Caviat - I no longer build carburetors, so the following is information, NOT an ad:
If you were to acquire a professionally restored ORIGINAL Chevrolet 283 Rochester 4-G, AND a professionally restored ORIGINAL Chevrolet 283 WCFB; and take them both to a mechanic you trust.
Instruct the mechanic to install his choice on your engine AND LOCK THE HOOD without telling you which one he installed.
Drive 1000 miles, and keep records of fuel used, driving impressions, etc.
Return to the mechanic and have the other carb installed and lock the hood.
Repeat the 1000 miles over similar conditions, taking notes.
At the end of the second thousand miles, compare the notes. You will not be able to tell if the mechanic actually changed the carbs, or not.
Yes, the Q-Jet is slightly more advanced in design than the 4-G; but the real argument for the Q-Jet is the spread-bore design for LARGER engines. The spread-bore design has no significant benefit for a basically stock engine as small as a 283. How much is slightly? Well, maybe give the Q-Jet 95 out of 100 and the 4-G 89 out of 100. BOTH would be a letter grade of "A" (pretty good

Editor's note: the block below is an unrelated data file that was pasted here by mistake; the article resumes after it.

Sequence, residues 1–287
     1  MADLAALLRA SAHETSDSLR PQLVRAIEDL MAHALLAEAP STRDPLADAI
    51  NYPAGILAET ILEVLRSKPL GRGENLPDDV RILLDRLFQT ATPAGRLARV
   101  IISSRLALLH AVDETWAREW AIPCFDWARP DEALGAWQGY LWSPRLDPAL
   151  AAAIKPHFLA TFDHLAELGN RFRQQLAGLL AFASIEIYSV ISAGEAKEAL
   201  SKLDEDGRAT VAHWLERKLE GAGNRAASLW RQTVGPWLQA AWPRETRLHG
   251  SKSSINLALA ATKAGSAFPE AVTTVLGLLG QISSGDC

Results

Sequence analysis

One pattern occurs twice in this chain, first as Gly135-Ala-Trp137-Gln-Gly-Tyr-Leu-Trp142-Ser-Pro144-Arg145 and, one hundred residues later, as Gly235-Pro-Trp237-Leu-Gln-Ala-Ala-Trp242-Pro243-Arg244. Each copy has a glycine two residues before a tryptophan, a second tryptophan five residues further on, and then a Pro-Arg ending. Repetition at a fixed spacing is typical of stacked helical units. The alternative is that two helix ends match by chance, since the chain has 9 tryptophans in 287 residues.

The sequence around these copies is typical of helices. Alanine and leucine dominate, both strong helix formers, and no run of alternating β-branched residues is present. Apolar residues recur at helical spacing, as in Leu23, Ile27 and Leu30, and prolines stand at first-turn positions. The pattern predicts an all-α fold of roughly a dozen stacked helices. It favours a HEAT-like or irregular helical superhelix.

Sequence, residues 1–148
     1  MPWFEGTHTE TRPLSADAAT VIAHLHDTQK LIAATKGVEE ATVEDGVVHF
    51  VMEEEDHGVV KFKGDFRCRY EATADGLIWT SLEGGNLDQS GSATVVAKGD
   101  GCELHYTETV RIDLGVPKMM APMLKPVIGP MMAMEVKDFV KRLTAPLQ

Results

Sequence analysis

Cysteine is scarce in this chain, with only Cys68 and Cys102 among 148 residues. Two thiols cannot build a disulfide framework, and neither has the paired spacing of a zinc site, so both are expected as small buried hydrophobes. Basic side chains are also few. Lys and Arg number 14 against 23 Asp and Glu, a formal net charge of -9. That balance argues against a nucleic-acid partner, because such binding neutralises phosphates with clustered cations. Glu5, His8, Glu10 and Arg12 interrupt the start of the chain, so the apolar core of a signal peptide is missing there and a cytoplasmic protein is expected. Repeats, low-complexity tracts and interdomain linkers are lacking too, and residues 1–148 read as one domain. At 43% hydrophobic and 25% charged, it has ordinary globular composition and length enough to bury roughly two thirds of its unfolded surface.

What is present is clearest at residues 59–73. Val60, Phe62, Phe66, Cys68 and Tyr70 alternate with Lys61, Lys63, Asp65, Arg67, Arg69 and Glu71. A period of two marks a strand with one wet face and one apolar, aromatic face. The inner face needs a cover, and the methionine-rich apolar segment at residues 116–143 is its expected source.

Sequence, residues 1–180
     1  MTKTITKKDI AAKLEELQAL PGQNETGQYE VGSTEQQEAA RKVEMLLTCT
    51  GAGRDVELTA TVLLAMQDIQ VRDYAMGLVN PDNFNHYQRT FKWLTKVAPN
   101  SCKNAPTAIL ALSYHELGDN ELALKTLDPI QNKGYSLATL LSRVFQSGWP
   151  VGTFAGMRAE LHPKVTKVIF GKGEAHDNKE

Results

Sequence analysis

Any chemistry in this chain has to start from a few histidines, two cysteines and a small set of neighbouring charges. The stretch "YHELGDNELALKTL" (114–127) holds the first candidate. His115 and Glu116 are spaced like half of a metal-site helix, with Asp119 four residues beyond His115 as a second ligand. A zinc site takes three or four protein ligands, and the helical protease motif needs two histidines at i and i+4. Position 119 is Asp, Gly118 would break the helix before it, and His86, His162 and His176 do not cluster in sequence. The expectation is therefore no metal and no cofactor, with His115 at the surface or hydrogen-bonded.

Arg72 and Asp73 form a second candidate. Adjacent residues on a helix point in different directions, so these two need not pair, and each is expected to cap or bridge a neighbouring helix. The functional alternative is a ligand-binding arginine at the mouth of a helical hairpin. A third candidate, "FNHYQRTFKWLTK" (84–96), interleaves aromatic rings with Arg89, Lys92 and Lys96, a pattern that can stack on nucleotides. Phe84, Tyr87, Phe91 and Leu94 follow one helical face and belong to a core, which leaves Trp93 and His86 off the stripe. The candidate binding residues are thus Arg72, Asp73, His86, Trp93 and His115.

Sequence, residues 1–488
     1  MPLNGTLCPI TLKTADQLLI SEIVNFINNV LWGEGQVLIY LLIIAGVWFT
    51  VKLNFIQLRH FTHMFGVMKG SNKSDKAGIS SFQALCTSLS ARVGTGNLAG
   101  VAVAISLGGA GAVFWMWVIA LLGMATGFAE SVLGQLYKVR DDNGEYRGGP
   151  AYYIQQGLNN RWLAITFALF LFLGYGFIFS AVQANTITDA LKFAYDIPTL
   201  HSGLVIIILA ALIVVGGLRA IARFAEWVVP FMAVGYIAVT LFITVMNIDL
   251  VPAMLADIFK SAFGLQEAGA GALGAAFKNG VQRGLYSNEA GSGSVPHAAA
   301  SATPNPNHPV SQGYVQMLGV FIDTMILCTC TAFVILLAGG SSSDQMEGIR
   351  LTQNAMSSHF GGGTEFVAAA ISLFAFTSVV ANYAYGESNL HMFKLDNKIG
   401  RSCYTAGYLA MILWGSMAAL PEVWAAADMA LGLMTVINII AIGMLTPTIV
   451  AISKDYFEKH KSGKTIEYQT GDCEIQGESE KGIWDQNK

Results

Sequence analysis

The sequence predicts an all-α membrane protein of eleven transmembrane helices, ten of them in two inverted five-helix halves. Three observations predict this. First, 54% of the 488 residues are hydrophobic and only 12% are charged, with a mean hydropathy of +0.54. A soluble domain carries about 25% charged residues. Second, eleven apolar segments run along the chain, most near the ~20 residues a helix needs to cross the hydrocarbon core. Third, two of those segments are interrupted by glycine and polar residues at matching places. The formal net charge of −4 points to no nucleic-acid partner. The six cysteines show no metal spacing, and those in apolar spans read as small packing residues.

), but the Q-Jet would rate a A+.
Yes, the AFB (the real ones, not the modern imitation) is slightly more advanced than the WCFB. How much? Give the WCFB a 90 and the AFB a 94 (the Q-jet gets the 95 because of the spread-bore design (for larger engines).
Both the Q-Jet and the AFB can be tuned more easily than either the 4-G or the WCFB, but for a basically stock engine - who cares? If you are building a race car, then other priorities (what kind of racing, etc.) would need to be considered.
As far as NEEDED CFM is concerned: Carter published CFM ratings on only one WCFB, the 2493s, specifically designed for RACE ONLY on a Chevrolet 283 in 1957. This carburetor was rated 380 CFM.WCFB flow ratings
My guess would be if Mr. Duntov thought he needed more than 380 CFM, he certainly could have had it!